A number of these new components -- and maybe some new tidbits on Azure batching and lifecycle management, I hear -- are expected to be on the agenda at Microsoft's upcoming Professional Developers Conference in late October.

Bridging the cloud-on-premises gap

Over the past year, "the (Red Dog) puppy grew up," Srivastava said. "But our idea, even from the beginning, was to build something for the enterprise. Our goal from Day 1 was to make it available to developers, but we also knew the enterprise was where the money is."

The "Azure for the enterprise" idea may have been there, but Microsoft officials were cagey (and/or confusing) about exactly how the company planned to make Azure available to the enterprise. It wasn't until July 2010, when the team unveiled its vision for the Windows Azure Appliance, that Microsoft's private-cloud strategy became less fuzzy.

"We said we'd give our partners the (Azure) technology, but we didn't say how," Srivastava said. "We did say it wouldn't be a bunch of bits on a CD."

Pulling all the required pieces together for the Windows Azure Appliance is the job of Corporate Vice President Bill Laing and his team. Laing, who was the Corporate Vice President of Windows Server before the reorg, has been a colleague of Srivasta's since the 1990s, when both worked at Digital Equipment Corp.

As the original Red Dog team consisted primarily of Windows Server guys from the get-go, the combining of Server and Cloud seems to be progressing relatively smoothly on the development/engineering side of the house from what I'm hearing. (Microsoft is even building a bridge across highway 520 between the Windows Server and Windows Azure buildings to make collaboration between the two teams even easier.)

"The IT pro point of view is what I brought to this," Laing said. "Azure originally was a developer platform. But as we started to talk to customers and partners, they wanted to know if they could have Azure in their own data centers."

If Azure's original incarnation was a developer platform and phase two will be an enterprise platform, what's phase three? Laing said it's about scalability. Once Microsoft rolls out the Windows Azure Appliance to its initial set of partners (Dell, Fujitsu, Hewlett-Packard and eBay), each of those organizations will be running an Azure cloud with different value-added services on top. Microsoft also will be filling out the platform with additional services and capabilities, akin to what it does now with Windows Server and its various roles, Laing added.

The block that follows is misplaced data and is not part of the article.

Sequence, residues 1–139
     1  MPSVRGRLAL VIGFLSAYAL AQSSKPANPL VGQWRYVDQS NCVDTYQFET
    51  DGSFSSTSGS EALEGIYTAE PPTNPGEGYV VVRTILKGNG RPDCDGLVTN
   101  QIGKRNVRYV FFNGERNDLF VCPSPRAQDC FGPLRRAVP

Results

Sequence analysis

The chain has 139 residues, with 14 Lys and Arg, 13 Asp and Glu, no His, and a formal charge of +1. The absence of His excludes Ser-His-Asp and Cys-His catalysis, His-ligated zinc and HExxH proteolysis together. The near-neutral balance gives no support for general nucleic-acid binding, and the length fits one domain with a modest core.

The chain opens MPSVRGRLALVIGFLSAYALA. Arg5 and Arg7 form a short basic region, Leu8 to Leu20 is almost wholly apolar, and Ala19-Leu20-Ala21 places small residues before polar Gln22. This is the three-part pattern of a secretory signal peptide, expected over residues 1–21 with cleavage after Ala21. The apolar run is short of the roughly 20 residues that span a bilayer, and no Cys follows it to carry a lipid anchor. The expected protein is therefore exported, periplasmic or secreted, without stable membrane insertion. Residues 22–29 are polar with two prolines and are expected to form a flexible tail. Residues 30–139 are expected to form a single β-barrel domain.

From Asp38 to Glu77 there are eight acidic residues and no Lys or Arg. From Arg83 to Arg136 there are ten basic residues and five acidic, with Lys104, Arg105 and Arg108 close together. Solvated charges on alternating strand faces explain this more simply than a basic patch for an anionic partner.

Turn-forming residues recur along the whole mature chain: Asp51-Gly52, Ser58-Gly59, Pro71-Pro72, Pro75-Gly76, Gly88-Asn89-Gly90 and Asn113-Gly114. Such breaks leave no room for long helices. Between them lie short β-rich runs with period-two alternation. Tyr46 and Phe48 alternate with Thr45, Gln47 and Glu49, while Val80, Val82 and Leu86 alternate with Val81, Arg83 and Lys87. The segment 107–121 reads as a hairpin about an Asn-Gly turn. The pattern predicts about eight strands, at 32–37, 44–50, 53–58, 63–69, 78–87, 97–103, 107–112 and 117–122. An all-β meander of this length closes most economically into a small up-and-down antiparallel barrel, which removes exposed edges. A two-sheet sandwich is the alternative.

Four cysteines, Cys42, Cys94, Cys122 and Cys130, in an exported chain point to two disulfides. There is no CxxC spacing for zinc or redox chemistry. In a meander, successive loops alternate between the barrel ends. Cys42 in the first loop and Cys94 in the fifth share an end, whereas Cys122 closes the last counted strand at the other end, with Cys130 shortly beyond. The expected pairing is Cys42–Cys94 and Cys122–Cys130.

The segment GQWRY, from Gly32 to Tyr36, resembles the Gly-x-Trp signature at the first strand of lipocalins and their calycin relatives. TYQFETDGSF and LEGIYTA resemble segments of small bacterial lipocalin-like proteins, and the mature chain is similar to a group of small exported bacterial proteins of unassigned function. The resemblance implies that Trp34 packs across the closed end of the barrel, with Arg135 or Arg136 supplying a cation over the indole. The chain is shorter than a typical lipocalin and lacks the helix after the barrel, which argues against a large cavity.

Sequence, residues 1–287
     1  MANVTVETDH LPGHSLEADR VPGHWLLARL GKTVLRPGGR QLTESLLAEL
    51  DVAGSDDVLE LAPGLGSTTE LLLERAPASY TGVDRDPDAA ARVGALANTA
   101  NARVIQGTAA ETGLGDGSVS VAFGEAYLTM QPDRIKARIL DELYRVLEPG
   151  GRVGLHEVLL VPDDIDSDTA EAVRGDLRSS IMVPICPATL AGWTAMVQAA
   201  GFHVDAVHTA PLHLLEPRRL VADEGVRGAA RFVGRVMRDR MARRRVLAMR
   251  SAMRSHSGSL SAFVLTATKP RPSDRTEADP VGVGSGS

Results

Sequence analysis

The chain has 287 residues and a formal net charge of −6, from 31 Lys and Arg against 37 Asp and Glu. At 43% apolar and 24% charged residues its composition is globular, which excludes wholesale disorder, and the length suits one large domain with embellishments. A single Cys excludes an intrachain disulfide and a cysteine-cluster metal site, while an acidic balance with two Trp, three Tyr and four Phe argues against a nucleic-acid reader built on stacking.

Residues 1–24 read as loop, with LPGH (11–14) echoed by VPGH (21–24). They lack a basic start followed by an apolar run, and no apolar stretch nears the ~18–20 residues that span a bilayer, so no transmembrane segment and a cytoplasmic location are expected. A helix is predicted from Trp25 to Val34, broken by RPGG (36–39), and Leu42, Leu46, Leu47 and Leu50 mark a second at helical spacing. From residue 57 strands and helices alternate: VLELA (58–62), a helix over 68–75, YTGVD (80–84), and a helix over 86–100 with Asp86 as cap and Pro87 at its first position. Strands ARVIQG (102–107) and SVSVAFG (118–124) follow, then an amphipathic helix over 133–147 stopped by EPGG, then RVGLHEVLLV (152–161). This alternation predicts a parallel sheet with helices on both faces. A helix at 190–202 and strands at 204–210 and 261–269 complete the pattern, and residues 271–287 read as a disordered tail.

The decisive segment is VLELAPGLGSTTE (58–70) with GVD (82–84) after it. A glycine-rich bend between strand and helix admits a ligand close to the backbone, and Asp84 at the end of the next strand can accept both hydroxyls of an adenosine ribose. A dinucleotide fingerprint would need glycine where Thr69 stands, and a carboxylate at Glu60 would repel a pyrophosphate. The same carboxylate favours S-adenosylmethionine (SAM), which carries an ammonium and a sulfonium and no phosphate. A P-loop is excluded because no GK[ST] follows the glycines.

"Instead of six datacenters, Azure can be in 600 datacenters," Srivastava said. "But they'll be running the same underlying stack in all of these places."

What has made this kind of private-cloud deployment more tricky than just shipping out a bunch of servers running Windows Azure is the "service-model" concept that has been part of Azure since its inception. (Microsoft history buffs may remember Microsoft's original "Dynamic Datacenter Initiative"; Windows Azure is the manifestation of many of those same notions.)

The idea behind the service model is Azure should be able to provide customers and partners with auto-configuration, deployment and overall management. It should be able to calculate how many Web front ends and how many back-ends are needed to run an application or service and automatically provision those, Laing said. This is where advances in app-server virtualization and systems management will come into play in the not-too-distant future.